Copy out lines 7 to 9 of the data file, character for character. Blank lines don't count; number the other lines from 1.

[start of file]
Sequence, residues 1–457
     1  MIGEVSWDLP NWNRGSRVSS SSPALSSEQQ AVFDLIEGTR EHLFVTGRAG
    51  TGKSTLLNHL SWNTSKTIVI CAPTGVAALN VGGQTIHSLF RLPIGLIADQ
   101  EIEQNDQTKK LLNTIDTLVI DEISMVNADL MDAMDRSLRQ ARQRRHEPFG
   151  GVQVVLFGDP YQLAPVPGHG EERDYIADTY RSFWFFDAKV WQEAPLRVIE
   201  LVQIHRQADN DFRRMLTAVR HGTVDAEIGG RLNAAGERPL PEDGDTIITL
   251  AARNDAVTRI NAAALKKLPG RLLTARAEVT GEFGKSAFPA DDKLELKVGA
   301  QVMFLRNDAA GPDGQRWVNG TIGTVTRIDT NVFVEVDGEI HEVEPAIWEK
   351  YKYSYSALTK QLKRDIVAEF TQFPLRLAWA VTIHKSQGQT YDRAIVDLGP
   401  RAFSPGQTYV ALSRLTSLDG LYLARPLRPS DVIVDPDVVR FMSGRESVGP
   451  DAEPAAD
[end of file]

   251  AARNDAVTRI NAAALKKLPG RLLTARAEVT GEFGKSAFPA DDKLELKVGA
   301  QVMFLRNDAA GPDGQRWVNG TIGTVTRIDT NVFVEVDGEI HEVEPAIWEK
   351  YKYSYSALTK QLKRDIVAEF TQFPLRLAWA VTIHKSQGQT YDRAIVDLGP